Well, due to weather, I guess I'll have to go with a recent seasonal image from the not so far past again.
This was the largest pastel of the near full moon I have produced as yet. It was done over two nights for a total work time of approximately 4 1/2 hours through the eyepiece of my 10.1 inch Newtonain last July 8 ~ 9, 2009. It was sketched onto 22" X 30" black Stonehenge 100% cold pressed cotton pastel paper. The moons disc was rendered at 16 inches in diameter.
Posted 10 January 2010 - 09:15 PM
some beautiful entries this month!
I'll throw in a second planet sketch. Mars as seen on december 28 thru my 8" dob at 357x.
Posted 11 February 2010 - 10:32 AM
Crater Maurolycus was an excellent object to sketch with a small refractor. I worked on a grater scale than I'm used to (20x20cm). It makes it more easy to put small features on paper. But on the other side, it makes it more difficult to keep on eye on the total sketch. So are the small craters (in crater Maurolycus) drawn to small and not allways on the right possition. The smallest of the craters is only 6 km big! I thinks that's not bad for a small telescope (7cm). This is my most beautiful moonsketch yet.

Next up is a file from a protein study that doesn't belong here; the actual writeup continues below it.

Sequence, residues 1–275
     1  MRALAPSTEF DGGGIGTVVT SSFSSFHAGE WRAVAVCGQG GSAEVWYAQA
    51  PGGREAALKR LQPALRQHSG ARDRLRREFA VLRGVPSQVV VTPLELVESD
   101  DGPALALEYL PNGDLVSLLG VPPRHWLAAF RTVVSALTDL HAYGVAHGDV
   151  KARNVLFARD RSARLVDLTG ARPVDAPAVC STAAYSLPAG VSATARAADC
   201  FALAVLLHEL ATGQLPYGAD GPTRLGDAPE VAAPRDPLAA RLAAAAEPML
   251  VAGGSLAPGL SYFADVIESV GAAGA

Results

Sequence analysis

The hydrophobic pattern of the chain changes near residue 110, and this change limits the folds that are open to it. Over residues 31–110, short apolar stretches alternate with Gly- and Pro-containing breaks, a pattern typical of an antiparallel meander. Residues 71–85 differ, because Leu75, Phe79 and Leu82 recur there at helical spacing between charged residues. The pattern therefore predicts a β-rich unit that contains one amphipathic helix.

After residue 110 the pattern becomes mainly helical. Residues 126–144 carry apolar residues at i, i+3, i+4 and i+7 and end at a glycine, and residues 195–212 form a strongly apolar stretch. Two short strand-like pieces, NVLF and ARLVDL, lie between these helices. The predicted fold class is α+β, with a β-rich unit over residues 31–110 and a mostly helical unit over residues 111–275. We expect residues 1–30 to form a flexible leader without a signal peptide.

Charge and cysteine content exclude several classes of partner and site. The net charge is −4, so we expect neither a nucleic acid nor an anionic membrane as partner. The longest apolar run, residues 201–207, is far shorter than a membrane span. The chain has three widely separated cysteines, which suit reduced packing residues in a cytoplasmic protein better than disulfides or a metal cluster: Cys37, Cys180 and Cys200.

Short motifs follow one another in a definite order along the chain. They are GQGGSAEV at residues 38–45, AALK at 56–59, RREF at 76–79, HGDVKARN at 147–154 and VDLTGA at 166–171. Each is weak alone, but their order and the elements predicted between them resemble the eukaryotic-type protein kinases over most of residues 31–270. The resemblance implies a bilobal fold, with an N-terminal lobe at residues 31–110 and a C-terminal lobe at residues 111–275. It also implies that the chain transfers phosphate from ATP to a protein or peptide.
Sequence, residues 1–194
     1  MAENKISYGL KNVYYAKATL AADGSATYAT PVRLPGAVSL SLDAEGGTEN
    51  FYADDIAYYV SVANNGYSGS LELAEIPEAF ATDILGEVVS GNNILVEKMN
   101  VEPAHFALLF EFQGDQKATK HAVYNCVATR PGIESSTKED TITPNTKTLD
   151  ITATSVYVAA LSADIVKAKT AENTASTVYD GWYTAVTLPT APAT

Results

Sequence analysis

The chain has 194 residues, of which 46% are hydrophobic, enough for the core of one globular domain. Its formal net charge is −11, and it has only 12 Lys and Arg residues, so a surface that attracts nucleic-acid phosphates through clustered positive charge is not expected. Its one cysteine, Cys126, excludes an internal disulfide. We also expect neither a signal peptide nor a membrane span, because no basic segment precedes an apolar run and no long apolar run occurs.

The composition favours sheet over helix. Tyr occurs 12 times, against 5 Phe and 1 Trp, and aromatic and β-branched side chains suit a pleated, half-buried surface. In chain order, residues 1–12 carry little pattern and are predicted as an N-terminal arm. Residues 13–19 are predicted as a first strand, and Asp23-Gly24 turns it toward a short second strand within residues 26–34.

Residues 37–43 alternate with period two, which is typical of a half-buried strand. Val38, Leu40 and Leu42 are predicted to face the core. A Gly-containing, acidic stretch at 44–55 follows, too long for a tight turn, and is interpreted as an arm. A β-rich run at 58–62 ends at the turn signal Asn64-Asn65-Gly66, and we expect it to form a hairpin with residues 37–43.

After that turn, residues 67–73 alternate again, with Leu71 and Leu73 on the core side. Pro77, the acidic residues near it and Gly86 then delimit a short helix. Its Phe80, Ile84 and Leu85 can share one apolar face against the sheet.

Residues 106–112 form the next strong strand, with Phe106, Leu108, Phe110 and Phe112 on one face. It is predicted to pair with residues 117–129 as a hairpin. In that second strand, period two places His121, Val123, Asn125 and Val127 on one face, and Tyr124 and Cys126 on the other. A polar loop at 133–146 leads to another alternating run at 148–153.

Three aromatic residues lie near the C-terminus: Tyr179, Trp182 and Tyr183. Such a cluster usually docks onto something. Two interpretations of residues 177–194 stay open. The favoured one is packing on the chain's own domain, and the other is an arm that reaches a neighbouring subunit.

Crater Maurolycus, 23/12/2009, 17.30-18.30 UT, ETX-70 @ x150, scanned and mirrored, eyepiece-sketch (no processing)
Posted 12 April 2010 - 07:42 AM
I made a sketch of the nice solitairy crater Hercules (69km wide). I used my old 4" Polarex Unitron for this sketch. Magnification was 300x (5mm Plossl).
This is the raw sketch, made behind the eyepiece. HB Pencil on white paper. Original size of the sketch is 4" by 2".
Posted 15 January 2011 - 08:22 PM
On November the 16th, the mag.5 star 19 PSC was occulted by the Moon from the Netherlands. I've made a sketch of the Moon in the hour before the occultation. A few minutes before the star was obscured by the Moon I drew the tiny dot in place. Actually the star looked a bit "smaller" through the eyepiece, but I found it pretty difficult to render the brightness and keep the dot small at the same time. Never thougt a star would be more difficult to sketch than a full disk Moon! The orange color however, is pretty accurate.
White pastel pencil on black paper
76mm f/4 mini-dobson
Deventer, nov. 16, 19.00 - 20.00 UT.
Viewed through the living room window
Deventer, The Netherlands